Kittens

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Pick up the #2

So the other day I was walking down Main Street and some normal looking dude stopped, defecated on the sidewalk and walked away like nothing happened. I couldn’t believe it - and his wife acted as though it didn’t even happen. So there was this stinking pile just left on the sidewalk all exposed and abandoned – waiting to be squashed by the shoe of an unknowing pedestrian. Needless to say it was rather disturbing to witness.

The situation above was a dramatization of what it is like for others, and in particular non-dog parents and those who don’t really care for dogs (yes a few of those people do exist), to have to deal with irresponsible pet parents. People that allow their dogs to poop anywhere and everywhere (even if it is just occasionally when they think no one is watching, yes I am talking to you…) are doing pets in general a great disservice. 

Dog doo doo is not good fertilizer and it does not just disappear in a few days. Dog droppings are a byproduct of the food that people feed it and the garbage, cat poop, etc. that dogs feed themselves. So, just like other impacts that your dog makes on its environment, it is the responsibility of pet parents to properly manage it (or in this case dispose of). 

If a dog accidentally knocks over a glass of water in a public area with its tail most dog parents are going to clean that up. If a dogs leash trips someone in the street most dog parents are going to help pick the person up. If a dog tracks muddy paws through a neighbor’s house most dog parents will wipe it up. So why, pray tell, are the stink bombs not picked up?

I just suddenly realized that I have been using the word poop far too often for this family friendly and widely circulated educational and engaging Pet Column. I am not even sure if it is acceptable to use that word out loud. Oh dear. Maybe I could spell it backwards instead? Nope that won’t work. Fine, how about we use a code word? What about “#2”? I’ll go with that.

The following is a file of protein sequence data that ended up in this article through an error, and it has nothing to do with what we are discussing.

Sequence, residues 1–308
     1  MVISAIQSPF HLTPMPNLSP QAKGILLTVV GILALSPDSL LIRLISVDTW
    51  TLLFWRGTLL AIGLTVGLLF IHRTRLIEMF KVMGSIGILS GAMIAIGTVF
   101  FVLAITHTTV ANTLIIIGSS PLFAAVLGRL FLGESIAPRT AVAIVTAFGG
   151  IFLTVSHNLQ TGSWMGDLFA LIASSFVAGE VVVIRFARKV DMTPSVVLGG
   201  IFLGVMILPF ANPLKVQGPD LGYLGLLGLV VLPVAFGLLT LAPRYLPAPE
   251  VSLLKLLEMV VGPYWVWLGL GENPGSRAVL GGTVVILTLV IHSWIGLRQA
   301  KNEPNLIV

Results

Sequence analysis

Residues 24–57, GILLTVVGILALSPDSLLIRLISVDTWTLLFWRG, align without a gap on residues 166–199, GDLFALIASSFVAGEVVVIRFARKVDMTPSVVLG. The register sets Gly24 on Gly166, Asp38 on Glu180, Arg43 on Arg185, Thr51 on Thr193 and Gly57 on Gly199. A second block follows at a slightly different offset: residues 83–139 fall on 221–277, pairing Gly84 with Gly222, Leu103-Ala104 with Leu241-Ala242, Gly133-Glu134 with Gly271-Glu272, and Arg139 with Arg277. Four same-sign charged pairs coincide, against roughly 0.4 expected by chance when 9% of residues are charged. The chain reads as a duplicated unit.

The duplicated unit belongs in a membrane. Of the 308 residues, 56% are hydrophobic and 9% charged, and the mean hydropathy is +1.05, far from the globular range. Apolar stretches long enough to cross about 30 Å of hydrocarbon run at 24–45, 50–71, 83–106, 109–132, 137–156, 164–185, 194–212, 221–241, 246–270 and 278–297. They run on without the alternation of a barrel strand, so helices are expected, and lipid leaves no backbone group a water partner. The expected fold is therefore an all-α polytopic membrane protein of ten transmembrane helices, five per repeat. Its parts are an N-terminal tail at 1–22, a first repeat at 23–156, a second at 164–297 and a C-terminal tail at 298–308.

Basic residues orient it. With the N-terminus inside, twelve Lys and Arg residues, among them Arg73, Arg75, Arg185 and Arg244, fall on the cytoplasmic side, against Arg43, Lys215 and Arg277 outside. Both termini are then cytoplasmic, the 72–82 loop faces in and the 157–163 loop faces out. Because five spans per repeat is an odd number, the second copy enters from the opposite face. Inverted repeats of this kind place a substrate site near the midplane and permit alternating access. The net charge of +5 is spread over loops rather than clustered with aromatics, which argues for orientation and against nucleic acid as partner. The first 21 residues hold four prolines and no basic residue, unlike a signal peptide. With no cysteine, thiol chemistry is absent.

Yes I am a mere sweet little kitten and I have a lot to learn but I do know this – the less responsible pet parents are the more it impacts pets worldwide. The more you allow the public to be turned off by the routine habits of innocent pets like me – the less pet adoptions occur and the more homeless kitties like me sit in the shelter…waiting… So the conclusion of my story:  Pick up your dog’s #2 – it Saves Lives.

About me

My name is Sugar (pronounced with a Southern twang) and I mix it up with a little spice and make the perfect cuddly and playful little girl kitty. I love people and other cats and enjoy making sneak attacks on dogs. If you aren’t into picking up #2 on the sidewalk, I use a litter box but am even willing to learn to use the toilet. I am 7 months young and am particularly proud of my unique and lovely ear hair. Hope to meet you soon.

Second Chance Humane Society’s Animal Resource Center and Thrift Shops have been servicing San Miguel, Ouray & Montrose Counties for 25 years. Call the Second Chance Helpline at 626-2273 to report a lost pet, learn about adopting a homeless pet, or about Spay/Neuter, Volunteer, Feral Cat, or other services. View our shelter pets and services online: www.adoptmountainpets.org.

 

 

Second Chance Humane Society Animal Resource Center and Thrift Shops service San Miguel, Ouray and Montrose counties. Call the SCHS Helpline at 970-626-2273 to report a lost pet or to learn about adopting a homeless pet and the SCHS spay/neuter, volunteer, feral cat or other programs. View our shelter pets and services at adoptmountainpets.org.

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